“You’re always worried when they pull out and he pulled out very sore this morning. When the lads X-rayed him, his sesamoid had completely come apart. It’s incredible he ran the race he did with that. It’s just one of those things. It’s a pity.”



MICK WINTERS FEATURE By JAMIE LINDSEY Going into the 2012 Galway not many people had heard of County Cork trainer Michael “Mick” Winters. He had only a handful of horses at home and yet arrived with a live chance in the Galway Hurdle with his stable star Rebel Fitz. As jockey Davy Russell got the leg up Rebel Fitz was second favourite at 11/2. The nerves in the Rebel Fitz camp must have been enormous as there was a lot of money to be potentially won; the question was just how much money could Rebel Fitz win. Racing on his preferred soft ground, Davy Russell gave him one of his “Sleeper” rides. Settled near the rear of the field, Russell began to make headway after two out when Rebel Fitz went around the outside of runners to lead at the last. After jumping the last cleanly Rebel Fitz began to assert up the steep hill. Cause of Causes was flying home late on but just missed out by a head, just look at what he has went on to do since. There were great scenes in the parade ring as winters and Rebel Fitz’s owners celebrated an unbelievable victory for the team. Even more Incredible winters trained the tough and gritty mare Missunited to win the same race twelve months later. It is always fantastic to see a small trainer take on the big boys and win, that is the beauty of this sport. We hope to see “Mad Mick” as friends call in the winners enclosure again soon.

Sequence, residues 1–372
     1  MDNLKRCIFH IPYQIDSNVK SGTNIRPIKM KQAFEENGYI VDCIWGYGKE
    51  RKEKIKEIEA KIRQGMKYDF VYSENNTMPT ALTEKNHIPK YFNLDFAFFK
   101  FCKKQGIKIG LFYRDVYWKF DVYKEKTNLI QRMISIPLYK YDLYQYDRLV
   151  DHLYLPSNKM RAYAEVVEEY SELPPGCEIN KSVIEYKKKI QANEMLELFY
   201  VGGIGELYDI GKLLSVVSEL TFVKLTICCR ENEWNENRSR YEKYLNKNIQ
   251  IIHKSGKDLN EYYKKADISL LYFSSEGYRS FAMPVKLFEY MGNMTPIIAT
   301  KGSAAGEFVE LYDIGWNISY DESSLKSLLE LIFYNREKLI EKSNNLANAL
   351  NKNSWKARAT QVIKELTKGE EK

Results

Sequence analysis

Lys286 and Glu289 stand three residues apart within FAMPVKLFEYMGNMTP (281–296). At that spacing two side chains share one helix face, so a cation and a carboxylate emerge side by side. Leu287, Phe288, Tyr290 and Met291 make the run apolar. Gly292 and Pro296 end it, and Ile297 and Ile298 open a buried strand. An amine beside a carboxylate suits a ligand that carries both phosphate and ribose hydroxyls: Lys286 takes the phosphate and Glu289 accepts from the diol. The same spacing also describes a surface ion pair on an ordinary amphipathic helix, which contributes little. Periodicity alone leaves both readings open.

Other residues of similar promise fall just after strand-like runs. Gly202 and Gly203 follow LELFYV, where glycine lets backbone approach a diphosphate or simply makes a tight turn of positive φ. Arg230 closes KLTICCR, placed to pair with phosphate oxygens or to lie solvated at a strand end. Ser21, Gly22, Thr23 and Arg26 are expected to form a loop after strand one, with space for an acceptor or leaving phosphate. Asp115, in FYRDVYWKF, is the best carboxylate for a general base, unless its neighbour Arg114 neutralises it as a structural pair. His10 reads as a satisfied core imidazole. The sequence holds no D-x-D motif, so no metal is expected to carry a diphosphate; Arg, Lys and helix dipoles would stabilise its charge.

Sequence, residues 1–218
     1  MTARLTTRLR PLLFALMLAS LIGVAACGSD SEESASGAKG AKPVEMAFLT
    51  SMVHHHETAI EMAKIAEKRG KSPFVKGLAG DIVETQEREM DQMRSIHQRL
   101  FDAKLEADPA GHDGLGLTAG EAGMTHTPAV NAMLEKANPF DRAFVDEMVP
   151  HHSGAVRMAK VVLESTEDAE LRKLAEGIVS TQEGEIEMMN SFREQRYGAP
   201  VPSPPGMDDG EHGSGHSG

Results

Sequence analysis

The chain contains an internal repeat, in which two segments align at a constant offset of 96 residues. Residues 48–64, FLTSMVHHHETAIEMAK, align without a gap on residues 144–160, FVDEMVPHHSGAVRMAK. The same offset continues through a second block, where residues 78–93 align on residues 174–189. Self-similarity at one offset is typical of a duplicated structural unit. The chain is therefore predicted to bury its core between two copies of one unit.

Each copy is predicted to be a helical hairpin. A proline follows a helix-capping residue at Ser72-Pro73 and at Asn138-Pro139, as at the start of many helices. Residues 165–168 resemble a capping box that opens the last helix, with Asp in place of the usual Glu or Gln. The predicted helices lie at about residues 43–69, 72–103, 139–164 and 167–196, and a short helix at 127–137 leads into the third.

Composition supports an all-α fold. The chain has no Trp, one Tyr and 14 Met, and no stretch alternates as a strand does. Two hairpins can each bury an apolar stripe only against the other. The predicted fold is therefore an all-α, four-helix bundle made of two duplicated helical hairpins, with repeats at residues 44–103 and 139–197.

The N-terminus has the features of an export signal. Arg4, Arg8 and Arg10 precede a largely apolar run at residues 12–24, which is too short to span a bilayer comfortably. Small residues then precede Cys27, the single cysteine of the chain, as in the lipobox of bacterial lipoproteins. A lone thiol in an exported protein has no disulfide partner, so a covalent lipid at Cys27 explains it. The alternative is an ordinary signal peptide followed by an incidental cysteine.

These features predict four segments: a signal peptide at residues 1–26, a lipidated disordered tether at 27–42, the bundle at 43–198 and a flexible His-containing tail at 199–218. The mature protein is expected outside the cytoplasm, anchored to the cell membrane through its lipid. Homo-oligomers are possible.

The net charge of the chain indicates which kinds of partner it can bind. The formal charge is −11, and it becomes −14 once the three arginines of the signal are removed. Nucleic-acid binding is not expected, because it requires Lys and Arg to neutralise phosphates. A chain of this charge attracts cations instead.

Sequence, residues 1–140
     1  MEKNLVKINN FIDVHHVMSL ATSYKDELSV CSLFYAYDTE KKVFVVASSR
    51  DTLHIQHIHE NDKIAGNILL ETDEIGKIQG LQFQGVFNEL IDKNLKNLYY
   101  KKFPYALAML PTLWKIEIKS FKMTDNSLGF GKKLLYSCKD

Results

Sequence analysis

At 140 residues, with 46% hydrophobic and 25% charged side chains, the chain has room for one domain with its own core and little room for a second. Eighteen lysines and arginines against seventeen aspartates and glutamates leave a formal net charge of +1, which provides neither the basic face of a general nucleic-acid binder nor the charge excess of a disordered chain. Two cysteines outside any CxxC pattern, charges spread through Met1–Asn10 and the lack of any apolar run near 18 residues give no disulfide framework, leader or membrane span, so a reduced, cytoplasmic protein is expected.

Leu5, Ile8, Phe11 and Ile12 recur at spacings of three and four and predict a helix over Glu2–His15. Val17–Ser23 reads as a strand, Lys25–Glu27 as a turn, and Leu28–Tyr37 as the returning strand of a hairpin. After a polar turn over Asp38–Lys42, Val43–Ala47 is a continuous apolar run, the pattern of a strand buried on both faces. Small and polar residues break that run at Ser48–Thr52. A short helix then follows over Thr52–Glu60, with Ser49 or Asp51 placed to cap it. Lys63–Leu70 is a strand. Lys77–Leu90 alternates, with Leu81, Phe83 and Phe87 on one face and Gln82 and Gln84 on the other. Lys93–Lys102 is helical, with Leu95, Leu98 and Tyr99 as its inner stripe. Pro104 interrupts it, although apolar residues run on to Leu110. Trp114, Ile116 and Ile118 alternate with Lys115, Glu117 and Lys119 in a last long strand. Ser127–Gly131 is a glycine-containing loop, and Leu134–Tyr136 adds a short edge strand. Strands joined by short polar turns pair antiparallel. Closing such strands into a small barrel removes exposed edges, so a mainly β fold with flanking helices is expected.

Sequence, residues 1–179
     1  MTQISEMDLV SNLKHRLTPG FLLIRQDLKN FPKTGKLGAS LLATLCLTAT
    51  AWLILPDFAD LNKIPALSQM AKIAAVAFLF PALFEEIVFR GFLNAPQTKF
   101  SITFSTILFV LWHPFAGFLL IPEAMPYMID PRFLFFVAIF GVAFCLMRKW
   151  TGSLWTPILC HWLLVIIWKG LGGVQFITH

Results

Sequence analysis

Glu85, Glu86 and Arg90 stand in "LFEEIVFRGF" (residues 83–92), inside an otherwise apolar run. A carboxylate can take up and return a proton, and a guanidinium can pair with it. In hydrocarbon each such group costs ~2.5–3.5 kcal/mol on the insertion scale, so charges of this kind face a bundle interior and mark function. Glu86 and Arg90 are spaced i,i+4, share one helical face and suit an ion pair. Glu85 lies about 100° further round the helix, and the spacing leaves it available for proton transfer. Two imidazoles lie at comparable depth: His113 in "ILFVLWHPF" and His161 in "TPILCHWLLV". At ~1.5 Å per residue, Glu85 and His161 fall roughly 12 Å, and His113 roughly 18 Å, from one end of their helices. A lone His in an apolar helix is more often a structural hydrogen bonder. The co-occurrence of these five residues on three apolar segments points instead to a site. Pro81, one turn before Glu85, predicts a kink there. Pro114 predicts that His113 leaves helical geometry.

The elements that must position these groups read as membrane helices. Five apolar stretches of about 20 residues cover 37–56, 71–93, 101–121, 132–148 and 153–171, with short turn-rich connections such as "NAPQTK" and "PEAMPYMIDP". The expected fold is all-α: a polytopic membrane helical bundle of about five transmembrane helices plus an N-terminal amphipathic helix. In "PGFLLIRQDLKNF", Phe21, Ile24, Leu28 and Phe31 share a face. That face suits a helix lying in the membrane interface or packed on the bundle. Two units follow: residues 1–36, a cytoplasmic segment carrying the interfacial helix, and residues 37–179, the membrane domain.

DARREN BIRD “BIRDIE” EXCLUISVE INTERVIEW WITH EQUINE ARTIST Have you always been artistic? Darren: As a child I always had a pen or pencil in my hand so yes I've been creating images of some sort or another for as long as I know. What is your first racing memory? Darren: Probably watching the Grand National on the T.V. with Peter O’Sullivan doing the commentary. Where did the inspiration to combine Racing & Art come from? Darren: I've followed racing and for many years and painted the odd horse image here and there for my own enjoyment. It's only in the last 3 years or so that I've had the courage to put my work out there on display as I originally never thought the work was good enough. How long does it take, to complete a drawing? Darren: My quick sketches of a horse racing incident can take as little as 5 minutes. We saw you at a few race course's throughout the year, but what is your Favourite Course & Why? Darren: if I had to choose a favourite, it would have to be Cheltenham. The beautiful scenery, the history, the atmosphere and buzz of a day at the festival amongst a packed crowd roaring superstars up the hill is second to none Your Pudsey drawing captured the nation last year, when Sir Terry passed, It recently sold for a lot of money, has that led to a lot of work & have you dealt with the reaction? Darren: It was a very sad day back in January this year when we lost Sir Terry and I never dreamt my little bear image would reach such a wide audience. I have to say it hasn't lead to a massive influx of request but I do think that it's a image that most people will of see somewhere, at some point. I don't think I'll ever produce another image that touches so many peoples hearts. Your book is on sale now, how is that going & what gave you the idea for it? Darren: The Birdie Book was published last Christmas and sales have been good. I'm hoping to promote it again this year as a perfect stocking filler for any racing fan. So if you are stuck for a present for someone this year please feel free to pick up a copy from The Racing Post website or Amazon Books! Brough Scott and The Racing Post approached me out of the blue last year and said that they would like to work with me on a book. It rates as my biggest achievement to date, I feel very proud and honour to be a published artist. I have a lot to thank them for.





Profile for 3 Furlongs out

August Issue  

Ireland's Leading horse racing magazine

August Issue  

Ireland's Leading horse racing magazine